Loose old European cut diamonds are a bit harder to find that the usual diamonds but they can be very nice.
The old European cut diamond is the direct descendant of the modern brilliant cut. It is the most common diamond you are likely to find in antique jewelry. Most of them tended to be lower cut grades, lower than G in fact, as the mines from which they originated did not produce very much in the way of colorless rough.
Old mine and old European cuts are sometimes recut as modern cuts in order to make them brighter but also old European cuts are often recut as modern brilliant to enhance the brilliance. Often old stones are remounted in new rings also.
Hence the importance of having a certificate with every stone to establish the authenticity, the grade and if possible the origin of the stone.
The cut of the stone is probably the most important as it establishes the brilliance of the stone.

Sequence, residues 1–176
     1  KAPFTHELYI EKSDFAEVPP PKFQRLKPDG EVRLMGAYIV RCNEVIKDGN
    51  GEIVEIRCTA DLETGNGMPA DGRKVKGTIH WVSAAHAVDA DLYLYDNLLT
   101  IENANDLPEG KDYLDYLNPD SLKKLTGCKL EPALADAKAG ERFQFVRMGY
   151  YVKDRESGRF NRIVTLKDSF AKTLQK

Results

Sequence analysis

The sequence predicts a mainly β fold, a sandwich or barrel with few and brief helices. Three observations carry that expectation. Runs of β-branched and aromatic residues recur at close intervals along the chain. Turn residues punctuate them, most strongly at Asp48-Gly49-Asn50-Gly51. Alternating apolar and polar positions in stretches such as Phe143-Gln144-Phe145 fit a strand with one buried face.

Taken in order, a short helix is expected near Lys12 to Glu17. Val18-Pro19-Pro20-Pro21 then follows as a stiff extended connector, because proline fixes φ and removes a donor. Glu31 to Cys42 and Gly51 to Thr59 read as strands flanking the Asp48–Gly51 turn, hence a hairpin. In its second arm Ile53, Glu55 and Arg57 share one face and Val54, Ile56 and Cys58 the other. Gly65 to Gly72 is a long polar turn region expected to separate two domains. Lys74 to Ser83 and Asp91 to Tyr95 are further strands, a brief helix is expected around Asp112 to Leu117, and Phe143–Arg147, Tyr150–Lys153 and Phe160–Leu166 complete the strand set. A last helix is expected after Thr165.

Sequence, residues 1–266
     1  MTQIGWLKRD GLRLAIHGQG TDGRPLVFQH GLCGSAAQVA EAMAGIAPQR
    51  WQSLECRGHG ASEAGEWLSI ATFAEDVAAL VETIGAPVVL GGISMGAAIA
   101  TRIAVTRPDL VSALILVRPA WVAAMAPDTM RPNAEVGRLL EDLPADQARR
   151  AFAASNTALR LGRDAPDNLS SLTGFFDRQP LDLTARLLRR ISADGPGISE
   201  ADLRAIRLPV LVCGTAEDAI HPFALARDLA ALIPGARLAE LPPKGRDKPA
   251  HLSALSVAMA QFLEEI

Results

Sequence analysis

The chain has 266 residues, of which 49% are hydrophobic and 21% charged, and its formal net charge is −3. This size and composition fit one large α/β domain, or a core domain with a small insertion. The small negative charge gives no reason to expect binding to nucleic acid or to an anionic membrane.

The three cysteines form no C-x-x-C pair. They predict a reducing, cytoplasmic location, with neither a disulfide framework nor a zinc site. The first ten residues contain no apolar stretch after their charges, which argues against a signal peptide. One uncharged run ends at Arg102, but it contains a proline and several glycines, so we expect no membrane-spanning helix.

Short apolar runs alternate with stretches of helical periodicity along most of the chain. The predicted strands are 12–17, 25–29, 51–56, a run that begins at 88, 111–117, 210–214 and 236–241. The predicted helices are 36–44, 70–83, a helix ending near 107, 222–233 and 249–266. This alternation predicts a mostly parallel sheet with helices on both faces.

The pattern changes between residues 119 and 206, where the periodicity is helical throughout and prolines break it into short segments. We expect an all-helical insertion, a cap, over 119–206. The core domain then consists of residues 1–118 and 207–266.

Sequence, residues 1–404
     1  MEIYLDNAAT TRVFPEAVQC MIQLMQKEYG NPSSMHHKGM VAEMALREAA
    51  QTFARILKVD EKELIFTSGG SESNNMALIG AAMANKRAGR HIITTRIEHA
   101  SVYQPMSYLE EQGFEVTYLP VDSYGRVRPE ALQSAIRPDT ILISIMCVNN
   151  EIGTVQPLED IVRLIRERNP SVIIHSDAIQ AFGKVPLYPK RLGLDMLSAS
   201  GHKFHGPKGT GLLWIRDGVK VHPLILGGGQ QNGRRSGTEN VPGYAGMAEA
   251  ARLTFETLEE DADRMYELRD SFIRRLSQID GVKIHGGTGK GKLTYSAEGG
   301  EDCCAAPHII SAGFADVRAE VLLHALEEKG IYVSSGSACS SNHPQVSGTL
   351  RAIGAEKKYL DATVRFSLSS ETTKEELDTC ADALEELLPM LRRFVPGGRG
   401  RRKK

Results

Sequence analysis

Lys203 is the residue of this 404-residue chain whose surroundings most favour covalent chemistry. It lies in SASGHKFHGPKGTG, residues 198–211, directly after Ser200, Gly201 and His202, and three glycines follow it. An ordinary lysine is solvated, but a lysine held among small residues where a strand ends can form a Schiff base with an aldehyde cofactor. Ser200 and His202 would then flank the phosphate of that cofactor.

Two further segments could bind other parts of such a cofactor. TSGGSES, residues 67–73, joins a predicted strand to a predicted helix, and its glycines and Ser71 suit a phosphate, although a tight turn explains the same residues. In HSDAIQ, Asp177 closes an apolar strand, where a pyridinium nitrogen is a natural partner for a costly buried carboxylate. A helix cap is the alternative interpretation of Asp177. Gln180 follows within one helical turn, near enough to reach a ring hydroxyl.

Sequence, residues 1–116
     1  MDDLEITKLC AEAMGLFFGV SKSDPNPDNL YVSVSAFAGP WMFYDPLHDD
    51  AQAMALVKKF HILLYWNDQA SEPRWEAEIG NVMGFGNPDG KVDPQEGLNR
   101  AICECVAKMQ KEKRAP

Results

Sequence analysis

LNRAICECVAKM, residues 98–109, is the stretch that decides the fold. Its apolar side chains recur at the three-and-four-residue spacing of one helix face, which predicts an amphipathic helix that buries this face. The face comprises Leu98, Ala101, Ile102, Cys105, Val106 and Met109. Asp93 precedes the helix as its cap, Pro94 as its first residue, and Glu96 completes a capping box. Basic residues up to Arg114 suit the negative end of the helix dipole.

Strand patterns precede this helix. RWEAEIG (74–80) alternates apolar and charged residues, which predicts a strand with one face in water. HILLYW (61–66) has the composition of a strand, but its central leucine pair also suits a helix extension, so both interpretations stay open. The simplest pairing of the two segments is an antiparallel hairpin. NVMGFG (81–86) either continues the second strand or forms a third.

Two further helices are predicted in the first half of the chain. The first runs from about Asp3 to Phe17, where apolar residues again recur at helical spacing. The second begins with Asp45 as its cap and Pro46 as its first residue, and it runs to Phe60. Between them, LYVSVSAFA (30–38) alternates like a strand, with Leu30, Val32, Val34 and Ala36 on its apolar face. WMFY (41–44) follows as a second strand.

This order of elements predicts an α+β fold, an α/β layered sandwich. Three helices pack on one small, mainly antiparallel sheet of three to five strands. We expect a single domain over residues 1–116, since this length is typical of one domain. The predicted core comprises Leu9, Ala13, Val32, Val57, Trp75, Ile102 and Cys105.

Getting loose old European cut diamonds and having them reset is an excellent idea. If they are large enough and you can find a good quality cutter you can get them recut also to enhance the brilliance.
Old European cut diamonds are often found at estate and deceased auctions. Sotheby’s is a good source of old European cut diamonds.
As with any purchase of diamonds, always ensure that you checked the dealer for authenticity. Are they contactable by phone and have a fixed address. Do they offer a returns policy so you can claim a full refund if the stones are not as advertised.
Some common sense and due diligence also goes a long way when searching out any diamonds and especially when looking for loose old European cut diamonds